Friday, July 27, 2007

Much to the disappointment, I suspect, of some of the human factors researchers tracking our mission, our crew has gotten along astonishingly well. I put this down in part to luck, but also in part to some common values, including the stereotypical Canadian ‘niceness’, which a lot of Americans (at least, the ones on our crew) obviously share. Matt is our poster boy for this trait: he’d make you breakfast in bed, then apologize for undermining your diet.

Even with all this harmony, however, sometimes a girl just gets up on the wrong side of the bunk. I had already snarked at both James and Ryan today for no good reason, when an issue came up that actually causes me some real stress: how to make sure that we get all the data we need before we leave (there’ll be no popping back for one more sample once we’re gone). Problem was, I was too irritable to deal with it in an even-tempered, rational way. So, what to do?

One of the human factors studies is looking at coping strategies, which seem to fall into a few broad categories: actively working towards a solution; seeking advice and support; emoting; denial; booze and/or prayer; and so on. Here, many of our habitual strategies just aren’t available: no pets to cuddle or oceans to swim in, for example. In this case, I just wanted to go somewhere else, and do something else for a while – but there’s nowhere else to go, nothing else to do. So, instead, I stopped working, went to my bunk, put in my earplugs, and played stupid computer games for a couple of hours. As coping strategies go, it may not be the healthiest, but when I came out I was able to discuss the EVA schedule without biting anyone’s head off. Mission accomplished.
Tragic News

The Weekly World News is ceasing publication. Not only did they introduce the world to my fave celebrity, Bat Boy, but they have been publishing insightful science stories on Mars for many years. It's a sad day for journalism.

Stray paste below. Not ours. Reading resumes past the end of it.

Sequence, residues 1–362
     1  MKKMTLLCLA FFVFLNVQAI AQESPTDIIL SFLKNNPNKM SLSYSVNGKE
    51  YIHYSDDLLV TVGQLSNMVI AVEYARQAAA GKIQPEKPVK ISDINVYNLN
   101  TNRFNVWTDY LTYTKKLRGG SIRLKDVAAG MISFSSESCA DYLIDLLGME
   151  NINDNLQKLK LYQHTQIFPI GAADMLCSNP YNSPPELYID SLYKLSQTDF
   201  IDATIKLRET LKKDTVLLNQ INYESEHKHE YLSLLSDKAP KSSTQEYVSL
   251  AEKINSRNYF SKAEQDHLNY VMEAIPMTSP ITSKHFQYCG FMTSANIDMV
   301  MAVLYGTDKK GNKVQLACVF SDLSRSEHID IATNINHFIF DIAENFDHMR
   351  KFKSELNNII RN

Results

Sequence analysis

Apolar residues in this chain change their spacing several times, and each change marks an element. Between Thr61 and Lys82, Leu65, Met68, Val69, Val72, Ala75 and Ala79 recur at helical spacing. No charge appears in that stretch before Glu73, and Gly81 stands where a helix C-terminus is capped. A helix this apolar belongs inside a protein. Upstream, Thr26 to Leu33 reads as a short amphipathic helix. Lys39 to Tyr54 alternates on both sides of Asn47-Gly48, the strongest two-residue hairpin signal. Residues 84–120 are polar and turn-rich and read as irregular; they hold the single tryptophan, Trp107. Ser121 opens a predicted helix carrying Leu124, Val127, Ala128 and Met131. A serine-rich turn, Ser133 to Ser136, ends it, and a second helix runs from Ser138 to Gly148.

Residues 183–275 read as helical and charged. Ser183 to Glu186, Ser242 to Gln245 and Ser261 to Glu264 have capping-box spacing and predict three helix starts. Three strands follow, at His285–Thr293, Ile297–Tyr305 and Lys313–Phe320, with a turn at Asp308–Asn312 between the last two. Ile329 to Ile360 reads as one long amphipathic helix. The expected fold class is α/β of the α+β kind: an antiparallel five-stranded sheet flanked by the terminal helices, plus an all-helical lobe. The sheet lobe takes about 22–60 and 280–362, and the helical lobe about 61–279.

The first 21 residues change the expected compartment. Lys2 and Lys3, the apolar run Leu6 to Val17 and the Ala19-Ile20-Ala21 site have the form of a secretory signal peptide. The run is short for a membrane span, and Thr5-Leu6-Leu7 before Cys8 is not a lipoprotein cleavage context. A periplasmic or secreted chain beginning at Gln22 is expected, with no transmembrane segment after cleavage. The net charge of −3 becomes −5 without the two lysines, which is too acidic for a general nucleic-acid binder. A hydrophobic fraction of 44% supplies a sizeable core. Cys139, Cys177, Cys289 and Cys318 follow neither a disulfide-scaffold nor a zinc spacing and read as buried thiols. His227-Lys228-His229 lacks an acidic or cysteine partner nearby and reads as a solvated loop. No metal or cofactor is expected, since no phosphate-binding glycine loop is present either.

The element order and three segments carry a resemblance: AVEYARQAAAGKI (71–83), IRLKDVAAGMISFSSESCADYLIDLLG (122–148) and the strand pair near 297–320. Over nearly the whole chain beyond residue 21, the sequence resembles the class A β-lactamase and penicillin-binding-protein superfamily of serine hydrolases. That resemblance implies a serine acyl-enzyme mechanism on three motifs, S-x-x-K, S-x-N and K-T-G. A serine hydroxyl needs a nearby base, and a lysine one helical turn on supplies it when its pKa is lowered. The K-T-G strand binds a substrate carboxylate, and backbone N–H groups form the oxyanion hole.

Would someone mind grabbing a copy of that last issue for me?

Sunday, July 22, 2007

C'mon, people. I need comments. It would be too sad if I were to crack up a mere month away from the end!

One more LOST parallel: webcams all over the hatch/hab...

Friday, July 20, 2007

LOST vs. FMARS: a side-by-side comparison

We've become more than a bit obsessed with LOST, partly because it's a great show that we have watched through, as a crew, from the first season; but mostly because we have a sneaking suspicion that we're on that island. Yes, I know, the human factors researchers will be delighted to take this as evidence that we've finally gone irredeemably nutso, but check the evidence (I don't know why the software's putting a big space here, but live with it):

the hatchthe hab
polar bearspolar bears
Dharma-brand canned foodSafeway-brand canned food
Button must be pressed regularly; may be part of cruel experimentButton must be pressed regularly; definitely part of cruel experiment
The Others, mysterious researchers who live on the other side of the islandThe Others, mysterious researchers who live on the other side of the stream
Bulky suits must be worn outside; may or may not serve useful purposeBulky suits must be worn outside; may or may not serve useful purpose
Little bottles of booze from the plane, last way longer than expectedLittle bottles of booze from the plane, run out almost instantly
Guys at polar station receive signal from island, send helpGuys at Polar Shelf receive signal from island, know help is not needed

...and so on. We even have photographic evidence.